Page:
Fighting Down Syndrome: A mother teaches kids to be creative

"They now better understand what Tatyana wants from them and can remember the sequence of movements and difficult steps. Of course they are happy and the parents are even happier,” Movsumov added.

"They now better understand what Tatyana wants from them and can remember the sequence of movements and difficult steps. Of course they are happy and the parents are even happier,” Movsumov added.

Anar Movsumov
Tatyana Kayukova is a former variety show dancer and she believes theater can help children, such as her son, who are challenged by Down Syndrome. Theater Without Borders is her way to spread love and hope.
Kids take a seat on the floor in a circle and roll a ball between each other. This is how they are taught to communicate.
Tatyana Kayukova from Samara (600 miles southeast of Moscow) is a professional dancer who used to be a variety show soloist. Her life changed drastically when she gave birth to Artem, who has Down Syndrome.
First, she suffered from a lack of information about DS, as well as how to manage her own anger and distaste towards kids with DS.
So, she founded a theater where everyone can feel loved and welcomed. Tatyana's main goal is to teach children how to express their feelings and emotions.  For small kids, classes are like a game, with music, dance, and exercises. Tatyana guides them to action, and while older kids already know that it's theater, they play their roles. If it’s difficult for them to express themselves, Tatyana helps.
In the studio, kids do physical exercises and learn how to balance on a ballet barre and develop their coordination and motor functions.
According to statistics, about 1,500 children are born with Down Syndrome in Russia annually. Charity organizations say that 50-85 percent of them are sent to an orphanage because their parents refuse them immediately after birth.
A newbie, Yuri, is afraid of loud sounds, and he is not alone with his fears. But Tatyana says it's important to help children get used to music, speak normally, and not to whisper with them as many parents do.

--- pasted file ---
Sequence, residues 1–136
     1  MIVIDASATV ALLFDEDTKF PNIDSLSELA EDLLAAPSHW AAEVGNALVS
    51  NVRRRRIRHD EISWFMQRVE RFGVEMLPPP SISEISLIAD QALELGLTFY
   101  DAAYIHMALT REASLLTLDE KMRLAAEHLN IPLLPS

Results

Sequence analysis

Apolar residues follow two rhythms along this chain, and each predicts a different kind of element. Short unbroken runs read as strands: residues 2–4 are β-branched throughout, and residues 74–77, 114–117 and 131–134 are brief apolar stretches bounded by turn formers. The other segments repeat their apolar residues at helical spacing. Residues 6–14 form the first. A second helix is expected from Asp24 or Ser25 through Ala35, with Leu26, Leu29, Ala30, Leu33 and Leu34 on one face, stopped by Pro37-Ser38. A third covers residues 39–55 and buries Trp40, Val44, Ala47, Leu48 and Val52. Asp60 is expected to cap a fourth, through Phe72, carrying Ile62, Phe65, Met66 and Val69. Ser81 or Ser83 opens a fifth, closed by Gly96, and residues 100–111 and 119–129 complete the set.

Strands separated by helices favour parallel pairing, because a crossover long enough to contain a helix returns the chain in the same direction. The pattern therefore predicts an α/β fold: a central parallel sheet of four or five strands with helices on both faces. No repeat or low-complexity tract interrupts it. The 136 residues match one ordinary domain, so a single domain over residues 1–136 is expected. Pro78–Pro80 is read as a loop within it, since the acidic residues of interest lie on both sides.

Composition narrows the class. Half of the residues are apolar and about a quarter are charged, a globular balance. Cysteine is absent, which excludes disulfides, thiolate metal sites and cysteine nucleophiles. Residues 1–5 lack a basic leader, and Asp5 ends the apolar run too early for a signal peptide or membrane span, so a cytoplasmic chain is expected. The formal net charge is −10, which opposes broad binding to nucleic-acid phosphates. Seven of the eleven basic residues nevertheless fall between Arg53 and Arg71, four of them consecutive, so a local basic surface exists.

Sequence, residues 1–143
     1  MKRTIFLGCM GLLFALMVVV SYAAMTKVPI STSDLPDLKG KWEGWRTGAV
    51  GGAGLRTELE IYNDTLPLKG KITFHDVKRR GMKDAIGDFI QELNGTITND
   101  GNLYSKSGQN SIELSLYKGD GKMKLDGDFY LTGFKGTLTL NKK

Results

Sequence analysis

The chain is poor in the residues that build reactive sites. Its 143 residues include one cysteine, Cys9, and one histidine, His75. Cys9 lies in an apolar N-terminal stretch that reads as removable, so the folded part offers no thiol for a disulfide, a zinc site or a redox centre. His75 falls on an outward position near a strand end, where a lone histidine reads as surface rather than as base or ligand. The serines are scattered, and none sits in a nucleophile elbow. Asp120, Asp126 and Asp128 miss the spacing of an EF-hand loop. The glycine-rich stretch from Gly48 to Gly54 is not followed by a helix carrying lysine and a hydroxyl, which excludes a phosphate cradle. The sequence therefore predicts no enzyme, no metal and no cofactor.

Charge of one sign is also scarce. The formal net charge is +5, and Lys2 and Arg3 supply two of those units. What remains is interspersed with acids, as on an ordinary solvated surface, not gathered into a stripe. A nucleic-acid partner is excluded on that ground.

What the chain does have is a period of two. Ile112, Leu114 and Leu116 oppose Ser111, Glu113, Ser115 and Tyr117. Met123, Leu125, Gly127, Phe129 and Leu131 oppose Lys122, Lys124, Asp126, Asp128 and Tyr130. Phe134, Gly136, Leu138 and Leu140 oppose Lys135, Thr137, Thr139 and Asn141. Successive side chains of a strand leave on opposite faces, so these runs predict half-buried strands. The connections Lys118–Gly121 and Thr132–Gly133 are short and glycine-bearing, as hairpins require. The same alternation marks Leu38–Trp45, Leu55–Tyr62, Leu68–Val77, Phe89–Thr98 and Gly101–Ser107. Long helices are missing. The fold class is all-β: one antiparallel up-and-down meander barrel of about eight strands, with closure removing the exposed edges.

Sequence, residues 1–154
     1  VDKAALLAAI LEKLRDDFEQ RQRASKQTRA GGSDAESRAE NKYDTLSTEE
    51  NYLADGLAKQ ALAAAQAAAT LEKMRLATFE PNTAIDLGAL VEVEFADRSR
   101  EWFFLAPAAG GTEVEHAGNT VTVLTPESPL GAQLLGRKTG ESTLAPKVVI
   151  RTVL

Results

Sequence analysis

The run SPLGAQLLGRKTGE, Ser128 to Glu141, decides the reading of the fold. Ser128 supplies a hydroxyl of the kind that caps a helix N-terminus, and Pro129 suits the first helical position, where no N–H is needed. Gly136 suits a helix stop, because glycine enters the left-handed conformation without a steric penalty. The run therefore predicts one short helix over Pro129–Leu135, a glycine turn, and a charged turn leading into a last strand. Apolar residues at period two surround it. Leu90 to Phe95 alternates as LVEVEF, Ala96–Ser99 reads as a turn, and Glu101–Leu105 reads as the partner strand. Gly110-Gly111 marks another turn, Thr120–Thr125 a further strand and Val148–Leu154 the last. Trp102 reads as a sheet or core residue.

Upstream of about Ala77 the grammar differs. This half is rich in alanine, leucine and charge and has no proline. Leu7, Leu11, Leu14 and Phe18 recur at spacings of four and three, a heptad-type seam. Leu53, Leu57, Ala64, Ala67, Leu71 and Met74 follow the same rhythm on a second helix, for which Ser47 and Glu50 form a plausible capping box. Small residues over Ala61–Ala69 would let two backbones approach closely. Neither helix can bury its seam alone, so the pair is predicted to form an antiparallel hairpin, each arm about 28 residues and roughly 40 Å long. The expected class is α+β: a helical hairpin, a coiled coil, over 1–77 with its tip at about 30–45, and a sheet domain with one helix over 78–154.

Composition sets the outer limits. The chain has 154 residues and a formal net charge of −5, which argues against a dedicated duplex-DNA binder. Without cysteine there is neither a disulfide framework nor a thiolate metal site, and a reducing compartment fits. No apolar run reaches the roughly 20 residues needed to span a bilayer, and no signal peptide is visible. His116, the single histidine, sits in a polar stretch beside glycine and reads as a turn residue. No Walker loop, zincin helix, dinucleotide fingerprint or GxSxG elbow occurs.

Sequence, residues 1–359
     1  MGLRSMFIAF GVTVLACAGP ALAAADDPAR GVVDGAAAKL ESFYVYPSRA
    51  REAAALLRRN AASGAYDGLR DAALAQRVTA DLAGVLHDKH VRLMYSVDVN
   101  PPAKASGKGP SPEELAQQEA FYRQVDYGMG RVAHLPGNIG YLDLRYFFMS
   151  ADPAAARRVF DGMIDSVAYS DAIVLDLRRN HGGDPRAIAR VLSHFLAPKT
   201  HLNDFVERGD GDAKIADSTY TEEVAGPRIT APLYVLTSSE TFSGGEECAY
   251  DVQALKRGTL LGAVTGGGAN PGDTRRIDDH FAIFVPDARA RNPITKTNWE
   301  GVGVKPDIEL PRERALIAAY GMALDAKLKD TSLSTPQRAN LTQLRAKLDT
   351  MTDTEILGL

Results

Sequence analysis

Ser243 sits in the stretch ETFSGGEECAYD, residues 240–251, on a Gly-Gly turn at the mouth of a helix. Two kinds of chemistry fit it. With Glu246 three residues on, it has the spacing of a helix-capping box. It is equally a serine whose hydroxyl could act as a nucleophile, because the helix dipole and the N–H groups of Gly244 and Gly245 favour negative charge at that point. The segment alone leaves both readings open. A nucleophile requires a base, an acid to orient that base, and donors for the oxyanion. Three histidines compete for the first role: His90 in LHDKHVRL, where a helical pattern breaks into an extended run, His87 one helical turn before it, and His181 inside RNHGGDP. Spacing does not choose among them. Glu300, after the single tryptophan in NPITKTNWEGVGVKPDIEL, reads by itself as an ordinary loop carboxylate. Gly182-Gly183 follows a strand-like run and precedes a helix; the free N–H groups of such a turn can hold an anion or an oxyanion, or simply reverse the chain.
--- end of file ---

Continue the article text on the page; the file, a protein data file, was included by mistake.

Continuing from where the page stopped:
Tatyana plans to make Theater Without Borders into a genuine inclusive theater, accepting not only DS kids. Recently, Tatyana reconnected with her classmate, Svetlana, who became blind, and she invited her to join the troupe.
After physical exercises, children have rehearsal. Tatyana choreographs all the dancing performances and theatrical pieces. During the first performances parents help kids understand at which moment they should enter onto the stage.
At the premier Tatyana leads the production and acts in the scene in order to make the children feel more confident and comfortable.
Alena waits for her parents after classes. During the hour and a half when Tatyana is busy with the children, parents who usually focus on them 24/7 can finally have a rest and discuss their problems with state officials.
If some kids can't manage to do what the others are doing and retreats into himself, then Tatyana doesn’t force the situation. She thinks every child should move at his own pace.
There are about 20 people in a group, and some don’t visit classes regularly. The core team consists of 10 children.
"I attended classes for about a year, and I can say that most children have made good progress since that time," said photographer Anar Movsumov.
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